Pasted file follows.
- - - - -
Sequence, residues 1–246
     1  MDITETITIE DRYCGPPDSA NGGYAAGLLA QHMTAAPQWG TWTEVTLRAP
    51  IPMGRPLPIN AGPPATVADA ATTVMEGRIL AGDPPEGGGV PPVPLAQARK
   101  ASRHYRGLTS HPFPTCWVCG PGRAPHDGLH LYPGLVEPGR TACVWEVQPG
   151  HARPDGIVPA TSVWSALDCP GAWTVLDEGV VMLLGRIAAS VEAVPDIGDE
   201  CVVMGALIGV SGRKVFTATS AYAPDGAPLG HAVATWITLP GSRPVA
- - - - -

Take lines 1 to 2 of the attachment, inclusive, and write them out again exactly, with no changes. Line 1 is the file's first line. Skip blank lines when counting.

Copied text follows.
Sequence, residues 1–246
     1  MDITETITIE DRYCGPPDSA NGGYAAGLLA QHMTAAPQWG TWTEVTLRAP